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I'll tell you why. Because it's changing the game and breaking up the establishment of traditional marketing and news delivery.

I still remember reading this line of text in Steve Krug's excellent book 'Don't Make Me Think' years and years ago. It read...

"People don't read, they scan."

How very true when you think about it from a long-tail/majority perspective. Sure, "some" people still like to read long copy and drawn out blog entries, but in general, most people do not. Steve's words hit me on the head like a hammer. That was the day I changed the way I thought about web design and copy-writing.
It was also the day, looking back now, that I knew that the written word as we known it was on a down slide.
Video scares the heck out of everyone because it's a massive change in the way things "have always been". I get that, and I certainly understand that change can be frightening. What I don't get though is the slew of people out there who are refuse to believe that the world is moving away from the written word.
No, I'm not saying that nobody's going to read in 20-years (50 maybe). What I am saying is that if you look at the innovations that are taking place in our society in the past few years (iphone, youtube, etc...), you have to at least believe "possibly" that our society is moving towards a more word-free world, right?
Ask yourself this question and answer it honestly. In ten years, do you believe you'll be reading a long text blog post or NY Times article on your personal hand-held phone/computer/video camera/whatever else device?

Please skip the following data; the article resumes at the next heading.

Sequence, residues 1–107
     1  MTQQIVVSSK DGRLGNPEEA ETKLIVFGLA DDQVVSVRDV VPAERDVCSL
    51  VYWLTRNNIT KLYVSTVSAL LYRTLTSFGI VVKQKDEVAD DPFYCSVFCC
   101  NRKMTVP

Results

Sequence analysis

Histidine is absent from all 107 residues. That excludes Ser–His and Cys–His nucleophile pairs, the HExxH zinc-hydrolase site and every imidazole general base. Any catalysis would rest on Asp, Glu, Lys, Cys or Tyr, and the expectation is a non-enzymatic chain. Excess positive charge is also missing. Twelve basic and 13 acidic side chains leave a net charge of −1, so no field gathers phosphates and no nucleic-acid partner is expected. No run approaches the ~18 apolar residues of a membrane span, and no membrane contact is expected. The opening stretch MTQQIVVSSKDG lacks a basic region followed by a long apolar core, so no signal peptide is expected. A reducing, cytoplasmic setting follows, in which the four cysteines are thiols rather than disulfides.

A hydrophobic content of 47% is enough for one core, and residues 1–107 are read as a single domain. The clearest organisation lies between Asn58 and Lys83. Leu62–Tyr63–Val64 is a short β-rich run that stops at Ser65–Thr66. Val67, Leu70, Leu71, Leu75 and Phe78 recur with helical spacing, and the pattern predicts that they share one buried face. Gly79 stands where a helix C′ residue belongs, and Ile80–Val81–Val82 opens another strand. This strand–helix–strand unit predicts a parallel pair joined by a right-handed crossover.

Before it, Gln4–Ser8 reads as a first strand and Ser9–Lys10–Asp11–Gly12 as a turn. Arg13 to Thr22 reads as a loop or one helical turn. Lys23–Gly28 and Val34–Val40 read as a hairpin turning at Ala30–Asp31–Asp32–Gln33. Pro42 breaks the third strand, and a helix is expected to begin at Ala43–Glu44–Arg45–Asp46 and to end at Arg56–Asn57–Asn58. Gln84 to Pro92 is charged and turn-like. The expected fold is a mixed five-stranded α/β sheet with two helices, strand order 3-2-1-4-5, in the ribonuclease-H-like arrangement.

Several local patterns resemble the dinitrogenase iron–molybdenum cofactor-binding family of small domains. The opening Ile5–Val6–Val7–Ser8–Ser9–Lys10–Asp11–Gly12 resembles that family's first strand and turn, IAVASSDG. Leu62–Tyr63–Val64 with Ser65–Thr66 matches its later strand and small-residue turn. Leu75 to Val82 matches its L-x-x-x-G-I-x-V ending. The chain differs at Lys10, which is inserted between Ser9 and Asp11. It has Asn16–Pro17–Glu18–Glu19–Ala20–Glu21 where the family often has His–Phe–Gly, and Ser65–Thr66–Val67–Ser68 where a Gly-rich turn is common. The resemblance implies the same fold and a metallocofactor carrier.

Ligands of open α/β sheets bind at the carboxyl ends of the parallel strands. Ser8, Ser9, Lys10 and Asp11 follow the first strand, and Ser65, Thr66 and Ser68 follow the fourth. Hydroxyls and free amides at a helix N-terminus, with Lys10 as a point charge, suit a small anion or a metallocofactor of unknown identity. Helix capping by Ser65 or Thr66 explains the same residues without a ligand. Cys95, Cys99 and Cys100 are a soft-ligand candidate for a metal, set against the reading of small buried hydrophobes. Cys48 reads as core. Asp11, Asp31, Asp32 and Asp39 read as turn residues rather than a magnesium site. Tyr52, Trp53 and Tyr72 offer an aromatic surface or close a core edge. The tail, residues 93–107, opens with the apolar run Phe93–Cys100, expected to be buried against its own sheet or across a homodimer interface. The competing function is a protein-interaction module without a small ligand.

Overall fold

Or, is it more likely that you'll be watching short video and text blasts from your favorites blogs and news outlets?
One of my favorite bloggers, Mathew Ingram, writes....
I've said it before – I just don't think video is as compelling a medium for discussion as blogs are. Video can start discussions or conversations, and Loren's vlog is a great example of that, but it doesn't really lend itself to the back-and-forth that makes blogs so appealing.

I would argue that the conversations are moving. Both in terms of how they're delivered (text to video), and in length and detail (longer to shorter). Sites like Seesmic and Twitter represent microscopic starting points for what we might perhaps see in the future.
Some type of evolution is happening to the way we digest information, we can all see it happening. Questions remain to which theory you believe in. Will the written word live on as it stands today, or will it evolve?
I think you know where I stand on this topic. What do you think?

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